Small and midsize organizations frequently face a challenge getting their backup data offsite on a regular basis. The traditional solution has been to periodically send backup tapes to a records warehouse run by Iron Mountain, Recall or the like. That creates a lot of work for backup administrators, as they have to create and manage additional jobs to duplicate backup data to tapes for offsite storage, then box up the tapes and deal with the courier. The result is that most midsize companies send tapes offsite only once a week, leaving their data vulnerable.
Organizations with more than one data center can install deduplicating backup appliances and replicate their backup data from one data center to another while deduplicating over the WAN, assuming, of course, that they're using the same brand appliance in each data center. Organizations with just one data center have to either stick to tape or use an Internet-based backup service.
Online backup services like LiveVault and eVault have been available for 15 years or more, but many organizations have been uncomfortable converting from the backup software they've spent months getting to work properly and handing their backup process to a third party lock, stock and barrel. As more general-purpose cloud storage providers like Amazon S3 and Nirvanix have developed, IT professionals have looked for the option to use their existing backup software to send their backup data offsite to a cloud provider. Add to all this the fact that most cloud storage providers charge significantly less than their online backup brethren to store each gigabyte for a month, and cloud backup starts looking very attractive.
Backup applications have started adding the ability to duplicate backup data to cloud providers, but most don't deduplicate your data before sending it to the cloud. Since you're going to be paying the cloud provider of your choice for each and every gigabyte of data they store for you each month, deduplication would definitely be a good idea.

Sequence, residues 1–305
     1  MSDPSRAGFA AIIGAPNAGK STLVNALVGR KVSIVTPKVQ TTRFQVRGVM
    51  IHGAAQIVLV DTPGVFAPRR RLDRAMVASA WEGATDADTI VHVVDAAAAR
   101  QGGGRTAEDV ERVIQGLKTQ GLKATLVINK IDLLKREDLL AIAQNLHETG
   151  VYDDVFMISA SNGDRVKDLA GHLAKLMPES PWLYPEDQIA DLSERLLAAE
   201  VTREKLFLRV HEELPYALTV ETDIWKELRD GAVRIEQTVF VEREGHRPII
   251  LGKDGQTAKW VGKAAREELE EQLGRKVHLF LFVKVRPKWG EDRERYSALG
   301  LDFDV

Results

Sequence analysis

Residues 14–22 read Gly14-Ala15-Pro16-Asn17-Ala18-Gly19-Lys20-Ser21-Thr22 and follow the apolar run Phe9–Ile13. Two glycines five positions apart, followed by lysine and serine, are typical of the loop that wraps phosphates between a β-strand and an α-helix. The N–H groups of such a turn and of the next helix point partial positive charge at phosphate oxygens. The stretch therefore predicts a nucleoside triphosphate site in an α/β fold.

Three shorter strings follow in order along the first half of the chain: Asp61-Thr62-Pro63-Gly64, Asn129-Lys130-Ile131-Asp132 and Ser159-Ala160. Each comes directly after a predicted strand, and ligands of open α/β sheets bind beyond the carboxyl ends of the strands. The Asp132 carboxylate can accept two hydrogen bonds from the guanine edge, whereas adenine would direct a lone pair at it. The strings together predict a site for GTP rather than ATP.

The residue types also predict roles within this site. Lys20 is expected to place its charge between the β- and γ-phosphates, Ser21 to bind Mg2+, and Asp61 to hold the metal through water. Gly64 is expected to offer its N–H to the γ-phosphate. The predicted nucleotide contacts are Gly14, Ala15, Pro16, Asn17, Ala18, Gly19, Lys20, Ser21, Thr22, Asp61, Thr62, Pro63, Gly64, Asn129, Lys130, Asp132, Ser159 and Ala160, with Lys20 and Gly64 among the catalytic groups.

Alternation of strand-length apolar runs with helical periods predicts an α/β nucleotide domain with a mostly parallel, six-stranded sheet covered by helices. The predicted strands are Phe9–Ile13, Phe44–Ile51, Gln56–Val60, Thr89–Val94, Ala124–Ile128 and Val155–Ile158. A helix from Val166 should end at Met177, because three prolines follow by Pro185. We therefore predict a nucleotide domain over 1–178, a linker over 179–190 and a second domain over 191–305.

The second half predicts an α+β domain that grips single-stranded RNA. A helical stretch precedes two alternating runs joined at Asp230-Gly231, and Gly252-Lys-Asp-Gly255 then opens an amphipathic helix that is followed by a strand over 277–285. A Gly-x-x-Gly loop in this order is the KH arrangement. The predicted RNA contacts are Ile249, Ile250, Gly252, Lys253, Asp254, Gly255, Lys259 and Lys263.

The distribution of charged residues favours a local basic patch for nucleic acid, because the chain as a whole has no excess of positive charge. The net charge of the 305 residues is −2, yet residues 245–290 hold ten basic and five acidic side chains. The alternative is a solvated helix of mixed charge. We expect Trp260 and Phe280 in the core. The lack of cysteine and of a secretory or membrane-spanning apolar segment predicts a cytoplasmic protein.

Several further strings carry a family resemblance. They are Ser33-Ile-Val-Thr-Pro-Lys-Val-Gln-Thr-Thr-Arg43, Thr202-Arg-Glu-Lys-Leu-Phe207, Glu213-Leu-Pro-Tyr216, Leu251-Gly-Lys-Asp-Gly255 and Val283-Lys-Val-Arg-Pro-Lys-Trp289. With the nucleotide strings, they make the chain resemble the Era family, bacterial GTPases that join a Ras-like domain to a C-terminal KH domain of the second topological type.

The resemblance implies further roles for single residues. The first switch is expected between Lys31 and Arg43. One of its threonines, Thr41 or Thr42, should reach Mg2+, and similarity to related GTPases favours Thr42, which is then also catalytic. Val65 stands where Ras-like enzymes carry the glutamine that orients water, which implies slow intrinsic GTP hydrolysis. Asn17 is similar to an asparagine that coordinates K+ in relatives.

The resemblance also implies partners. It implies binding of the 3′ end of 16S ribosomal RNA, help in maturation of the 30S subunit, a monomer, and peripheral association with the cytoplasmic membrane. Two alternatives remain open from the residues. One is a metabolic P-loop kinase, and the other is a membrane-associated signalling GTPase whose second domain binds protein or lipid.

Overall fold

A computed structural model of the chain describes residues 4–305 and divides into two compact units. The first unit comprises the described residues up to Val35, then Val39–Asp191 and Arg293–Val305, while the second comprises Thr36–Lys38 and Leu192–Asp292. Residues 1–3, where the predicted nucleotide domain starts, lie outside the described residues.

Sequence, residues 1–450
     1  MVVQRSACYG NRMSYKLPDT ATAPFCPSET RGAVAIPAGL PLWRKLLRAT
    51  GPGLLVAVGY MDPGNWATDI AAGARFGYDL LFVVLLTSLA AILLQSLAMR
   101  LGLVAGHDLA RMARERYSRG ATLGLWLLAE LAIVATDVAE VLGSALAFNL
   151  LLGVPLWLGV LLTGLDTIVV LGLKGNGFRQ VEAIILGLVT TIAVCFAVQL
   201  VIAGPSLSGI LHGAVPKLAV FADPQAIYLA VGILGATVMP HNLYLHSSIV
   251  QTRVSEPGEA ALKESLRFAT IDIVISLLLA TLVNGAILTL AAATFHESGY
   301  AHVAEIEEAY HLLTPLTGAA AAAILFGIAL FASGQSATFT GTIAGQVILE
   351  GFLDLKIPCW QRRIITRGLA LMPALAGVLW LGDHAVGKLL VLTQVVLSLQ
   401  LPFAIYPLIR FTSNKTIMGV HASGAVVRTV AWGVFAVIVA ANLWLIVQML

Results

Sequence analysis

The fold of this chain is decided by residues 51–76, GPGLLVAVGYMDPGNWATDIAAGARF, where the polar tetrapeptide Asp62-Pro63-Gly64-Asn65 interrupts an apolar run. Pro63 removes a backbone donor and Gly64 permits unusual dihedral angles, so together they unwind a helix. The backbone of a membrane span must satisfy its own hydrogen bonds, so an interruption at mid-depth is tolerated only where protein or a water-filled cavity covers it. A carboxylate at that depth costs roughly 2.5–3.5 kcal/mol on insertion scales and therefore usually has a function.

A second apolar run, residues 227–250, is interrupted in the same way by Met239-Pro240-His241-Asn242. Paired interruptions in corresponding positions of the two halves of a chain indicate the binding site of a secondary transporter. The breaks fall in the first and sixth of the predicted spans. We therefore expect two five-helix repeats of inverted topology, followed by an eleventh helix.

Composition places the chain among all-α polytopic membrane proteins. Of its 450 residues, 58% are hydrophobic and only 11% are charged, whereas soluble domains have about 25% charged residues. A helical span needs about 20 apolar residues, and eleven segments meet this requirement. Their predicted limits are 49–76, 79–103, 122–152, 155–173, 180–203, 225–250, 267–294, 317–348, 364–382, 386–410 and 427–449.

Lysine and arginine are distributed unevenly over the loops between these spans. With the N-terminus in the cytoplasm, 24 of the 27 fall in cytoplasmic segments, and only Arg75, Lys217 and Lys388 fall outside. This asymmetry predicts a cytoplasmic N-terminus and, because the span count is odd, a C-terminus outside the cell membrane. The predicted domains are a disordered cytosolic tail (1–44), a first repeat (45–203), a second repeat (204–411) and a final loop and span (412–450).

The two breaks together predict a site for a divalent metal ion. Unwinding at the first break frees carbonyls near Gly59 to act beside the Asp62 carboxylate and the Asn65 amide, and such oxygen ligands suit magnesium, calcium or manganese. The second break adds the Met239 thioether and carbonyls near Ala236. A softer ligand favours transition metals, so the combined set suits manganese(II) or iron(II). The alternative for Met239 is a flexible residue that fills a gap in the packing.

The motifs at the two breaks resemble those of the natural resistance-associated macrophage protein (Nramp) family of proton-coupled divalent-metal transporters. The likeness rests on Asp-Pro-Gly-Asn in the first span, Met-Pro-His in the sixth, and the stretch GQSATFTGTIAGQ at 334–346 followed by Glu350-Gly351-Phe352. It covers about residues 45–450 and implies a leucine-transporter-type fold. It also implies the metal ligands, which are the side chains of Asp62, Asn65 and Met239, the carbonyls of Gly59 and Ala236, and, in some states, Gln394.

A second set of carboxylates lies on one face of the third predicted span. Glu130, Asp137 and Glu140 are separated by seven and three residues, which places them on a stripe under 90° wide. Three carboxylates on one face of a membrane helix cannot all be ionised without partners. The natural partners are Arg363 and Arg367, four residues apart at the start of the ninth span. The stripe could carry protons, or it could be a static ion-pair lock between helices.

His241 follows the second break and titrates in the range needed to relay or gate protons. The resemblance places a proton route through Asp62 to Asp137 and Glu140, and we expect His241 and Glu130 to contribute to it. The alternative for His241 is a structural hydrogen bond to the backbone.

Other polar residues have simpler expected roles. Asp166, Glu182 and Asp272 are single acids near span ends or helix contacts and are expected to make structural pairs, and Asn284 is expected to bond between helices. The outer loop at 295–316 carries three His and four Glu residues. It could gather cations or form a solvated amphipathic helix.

Riverbed's Whitewater appliances act as gateways between your backup applications and the cloud provider of your choice. They look to your backup application like network-attached storage, accepting data via SMB and/or NFS. Once you send your data to the Whitewater appliance, it compresses, deduplicates and encrypts your data using AES and sends it off to your cloud provider. Unlike Riverbed's network deduplication products, Whitewater does not re-hydrate your data at the cloud storage provider.
The Whitewater product line ranges from a virtual appliance starting at a list price of $7,995 to three physical appliances with 2, 4 and 8 Tbytes of usable disk space, respectively, starting at list price of $23,995. Since the disk in the appliance is just a cache, there's no technical limit on how much data you can store on a Whitewater appliance. Whitewater appliances can store their data on most public cloud providers, including AT&T Synaptic Storage, Amazon S3, Microsoft Windows Azure, Rackspace Cloud files and Nirvanix. You can also use them to front-end a private object storage infrastructure build on EMC's Atmos or Openstack Swift.